Facebook reels but tech still reigns
Status update: why we like technology despite Facebook’s woes
3 min read
Data breaches and tariff tantrums have shaken markets this week but in our view economic fundamentals are unchanged.
We take a look at one of this week’s big stories – the Facebook data row – and how it affects our long-term view of the tech sector.
FANGs but no FANGs
The Facebook data scandal is a harsh reminder that, while technology remains crucial to the economy and our daily lives, it comes with serious challenges. But in our view the sector still presents a long-term opportunity for investors.
As one of the so-called ‘FANGs’ alongside Amazon, Netflix and Google, Facebook is one of technology’s most influential stocks. But it’s worth remembering the sector’s real bite comes from more than just these four household names.
There are a myriad of growth drivers which should encourage investors including artificial intelligence, voice recognition and smart homes.
Technology is one of the best performing sectors in today’s markets. Global technology shares were up almost 37% in 2017, as measured by the MSCI World Tech Index, compared to a return of about 12% for the MSCI World. Despite the data row, they are still up 4.6% so far this year (as at 23 March 2018).
When Facebook’s stock fell, so did that of the other three FANGs and the wider sector. They all soon started rising again, but Amazon and Netflix recovered faster than their counterparts. This is arguably because those firms have different business models that don’t depend on using customer data for advertising purposes.
This shows that, while people fled the sector initially, its resilience and diversity soon brought them back.
Technology is one of our key investment themes. We have exposure through active fund managers seeking the best stocks and our direct equity Global 30 portfolio. Our tech funds have some exposure to the FANGs but are more focused on finding opportunities across the broader technology sector.
The four technology companies we hold in our Global 30 basket produce chips, components, software and tools that support the industry. In line with our investment principles of value and quality, these are profitable, cash-generating companies that are dominant players in industries with high barriers to entry. Over the last year they’ve generated a 42% return, which is above tech sector performance and well over the return from the general market.
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Regulatory tales of the unexpected
One significant challenge for the technology sector is that regulation arguably can’t keep up with the pace of change and innovation. It can also neuter a firm’s business model in unexpected ways.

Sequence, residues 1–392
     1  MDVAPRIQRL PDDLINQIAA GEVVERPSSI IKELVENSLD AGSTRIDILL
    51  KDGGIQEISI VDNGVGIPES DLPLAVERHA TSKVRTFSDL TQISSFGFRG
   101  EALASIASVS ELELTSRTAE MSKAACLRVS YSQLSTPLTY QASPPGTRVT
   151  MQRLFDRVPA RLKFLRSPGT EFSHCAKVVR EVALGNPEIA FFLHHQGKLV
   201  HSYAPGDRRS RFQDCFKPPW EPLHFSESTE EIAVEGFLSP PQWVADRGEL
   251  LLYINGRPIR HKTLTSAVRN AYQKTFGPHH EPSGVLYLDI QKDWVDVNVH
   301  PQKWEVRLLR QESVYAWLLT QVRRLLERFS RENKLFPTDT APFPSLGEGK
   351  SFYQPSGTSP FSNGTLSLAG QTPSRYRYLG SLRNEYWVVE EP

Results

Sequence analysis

For example, as the Facebook data row highlights, some companies’ ability to capture and analyse customer data is vital to their growth prospects as it enables advertisers to target specific groups. But regulators are understandably concerned about privacy.
Another recent example is Uber, which was also forced to change how it operates when UK lawmakers deemed its drivers to be employees rather than self-employed. The company has agreed to renegotiate contracts but the resolution is likely to complicate what started as a simple business model.
Such clashes can create uncertainty, but over time the sector and its regulators should increasingly become aligned.
Backed by a strong economy
The tech sector is strongly linked to the US because that’s where most of the key players are based.
Last week’s Federal Reserve (Fed) rate announcement and comments from new chief Jerome Powell – in his debut outing – underscore the good health of the US economy.
Powell announced a 25 basis point rise, taking the Fed reference rate to 1.75% in a move widely anticipated by markets. The central bank highlighted a strong labour market and economic activity rising “at a moderate pace”. GDP forecasts were raised to 2.7% from 2.5% this year, and 2.4% from 2.1% next year.
The technology sector is historically less sensitive to interest rate movements than other sectors. Such changes present no real risk to the industry as long as the underlying economic conditions remain supportive. Higher inflation and a strong economic environment are good for equities generally and tech stocks should benefit.
Technology stays on our list of favoured themes thanks to its impressive growth, good earnings and vital role in shaping the future. While we constantly monitor its progress and are aware of the potential threats, it currently pushes all the right buttons for us.
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